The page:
The Unborn

So the latest in the stream of demonic possession films represents another squandered opportunity.

The mythology of the dybbuk seems fascinating, but writer and director David S. Goyer doesn't spend much time (the film is barely over an hour and twenty minutes long) developing the intricacies of the subject.

For a far better discussion of the topic, try this blog (scroll down for two interesting posts)...

Goyer's film is both stylish and soulless--not much more than a string of ghoulish perspective shots and obvious gotcha scares.

That said, he's got one heck of an inversion on the classic Exorcist spider-walk scene here. That one puckered the hair on the back of my arms a bit (why there are so many stairs in an old folks' home is beyond me, but we'll let it slide).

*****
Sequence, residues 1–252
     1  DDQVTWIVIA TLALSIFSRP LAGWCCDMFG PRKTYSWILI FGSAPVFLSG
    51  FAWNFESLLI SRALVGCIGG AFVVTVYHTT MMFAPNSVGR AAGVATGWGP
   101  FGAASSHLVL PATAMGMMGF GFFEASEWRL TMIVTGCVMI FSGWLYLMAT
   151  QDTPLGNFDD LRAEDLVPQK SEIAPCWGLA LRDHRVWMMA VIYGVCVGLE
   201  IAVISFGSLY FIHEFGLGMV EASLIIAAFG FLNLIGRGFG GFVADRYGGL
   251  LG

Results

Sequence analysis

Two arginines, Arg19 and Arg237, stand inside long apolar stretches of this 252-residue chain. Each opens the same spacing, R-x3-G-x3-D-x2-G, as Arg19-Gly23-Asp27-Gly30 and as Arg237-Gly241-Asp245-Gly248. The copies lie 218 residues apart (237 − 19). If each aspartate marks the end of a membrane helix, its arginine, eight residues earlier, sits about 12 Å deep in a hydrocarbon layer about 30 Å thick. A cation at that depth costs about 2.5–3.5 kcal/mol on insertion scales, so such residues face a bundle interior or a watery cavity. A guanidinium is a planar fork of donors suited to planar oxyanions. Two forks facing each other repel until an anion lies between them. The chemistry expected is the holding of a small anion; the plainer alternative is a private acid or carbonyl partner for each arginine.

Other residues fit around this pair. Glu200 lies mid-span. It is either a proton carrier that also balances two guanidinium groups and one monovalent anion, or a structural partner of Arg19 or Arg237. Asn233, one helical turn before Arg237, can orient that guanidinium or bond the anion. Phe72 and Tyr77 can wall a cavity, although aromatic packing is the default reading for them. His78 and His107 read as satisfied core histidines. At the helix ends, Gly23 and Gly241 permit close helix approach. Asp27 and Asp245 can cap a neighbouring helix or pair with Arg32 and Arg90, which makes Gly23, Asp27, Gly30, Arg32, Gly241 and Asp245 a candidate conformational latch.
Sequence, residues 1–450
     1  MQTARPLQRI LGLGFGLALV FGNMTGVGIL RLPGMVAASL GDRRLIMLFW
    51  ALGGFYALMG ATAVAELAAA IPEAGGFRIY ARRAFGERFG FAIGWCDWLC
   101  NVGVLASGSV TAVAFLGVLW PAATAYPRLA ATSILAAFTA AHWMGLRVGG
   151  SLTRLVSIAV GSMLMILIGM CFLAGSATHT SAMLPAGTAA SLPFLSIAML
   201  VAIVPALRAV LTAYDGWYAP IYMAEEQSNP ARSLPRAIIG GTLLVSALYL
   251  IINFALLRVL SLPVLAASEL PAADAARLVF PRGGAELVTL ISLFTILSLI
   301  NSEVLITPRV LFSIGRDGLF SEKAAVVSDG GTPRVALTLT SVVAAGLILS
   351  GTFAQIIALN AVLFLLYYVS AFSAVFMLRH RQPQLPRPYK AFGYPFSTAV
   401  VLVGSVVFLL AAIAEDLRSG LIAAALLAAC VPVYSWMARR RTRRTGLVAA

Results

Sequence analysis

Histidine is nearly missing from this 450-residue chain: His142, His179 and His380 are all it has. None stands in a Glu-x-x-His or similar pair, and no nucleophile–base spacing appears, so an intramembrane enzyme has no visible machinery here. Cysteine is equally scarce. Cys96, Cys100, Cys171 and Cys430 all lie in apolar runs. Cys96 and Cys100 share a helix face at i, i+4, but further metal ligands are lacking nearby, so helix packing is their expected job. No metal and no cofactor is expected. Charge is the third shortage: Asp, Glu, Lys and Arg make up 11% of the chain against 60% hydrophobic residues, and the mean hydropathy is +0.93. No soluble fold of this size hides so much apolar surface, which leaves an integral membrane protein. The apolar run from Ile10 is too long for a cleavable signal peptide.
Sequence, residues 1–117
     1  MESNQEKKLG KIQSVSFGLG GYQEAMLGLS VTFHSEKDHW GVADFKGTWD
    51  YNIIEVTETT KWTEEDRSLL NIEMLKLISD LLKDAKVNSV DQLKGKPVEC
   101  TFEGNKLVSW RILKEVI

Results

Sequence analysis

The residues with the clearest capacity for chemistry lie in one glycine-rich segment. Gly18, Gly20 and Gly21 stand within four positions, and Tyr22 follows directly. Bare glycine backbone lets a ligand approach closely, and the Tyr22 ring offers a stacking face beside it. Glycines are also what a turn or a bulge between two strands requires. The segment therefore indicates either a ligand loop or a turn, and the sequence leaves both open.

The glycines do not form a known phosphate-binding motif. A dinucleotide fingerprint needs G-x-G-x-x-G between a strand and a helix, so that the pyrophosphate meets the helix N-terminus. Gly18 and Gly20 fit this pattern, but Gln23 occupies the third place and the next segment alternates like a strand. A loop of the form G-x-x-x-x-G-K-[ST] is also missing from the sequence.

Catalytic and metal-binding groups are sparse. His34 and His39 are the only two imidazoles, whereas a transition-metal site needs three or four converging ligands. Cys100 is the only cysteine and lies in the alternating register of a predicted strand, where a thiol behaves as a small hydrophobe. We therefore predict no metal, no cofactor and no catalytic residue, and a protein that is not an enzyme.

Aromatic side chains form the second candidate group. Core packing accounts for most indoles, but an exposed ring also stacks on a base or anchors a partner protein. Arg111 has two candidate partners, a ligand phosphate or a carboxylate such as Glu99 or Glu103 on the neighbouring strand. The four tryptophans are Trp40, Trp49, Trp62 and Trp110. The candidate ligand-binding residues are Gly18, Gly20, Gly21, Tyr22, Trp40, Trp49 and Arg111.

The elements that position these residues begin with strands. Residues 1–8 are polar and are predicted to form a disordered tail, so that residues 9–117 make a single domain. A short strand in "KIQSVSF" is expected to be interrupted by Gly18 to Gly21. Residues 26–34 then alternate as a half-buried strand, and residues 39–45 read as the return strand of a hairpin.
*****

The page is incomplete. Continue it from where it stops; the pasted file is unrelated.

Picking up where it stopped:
Some character development would have been nice, but I'm not convinced Odette Yustman has the chops to take advantage of backstory at this stage in her career. The potential is there, but she needs more work (her IMDB page shows some interesting projects in production, including another horror film).

Gary Oldman cashes a check here, stopping by for a few minutes in the third act.

And the story itself? Well, it's another demonic child template. Why must Satan enter the world through the legs of a mortal woman? Seriously, if Beelzebub has a thing for kids (and we're reading "The Man in the Black Suit" this week in literature class, which doesn't exactly dispel that notion), then I'm going to have to see if I can get Keanu Reeves or someone to stop by the house and play a burnt-out clergyman intent on settling old scores with the devil to bless my girl's pac'n'play.

I think the main players here can and will do better. This just felt like they were mailing it in (C-), and that's too bad. Now begins the long wait for Drag Me To Hell to make it to DVD.

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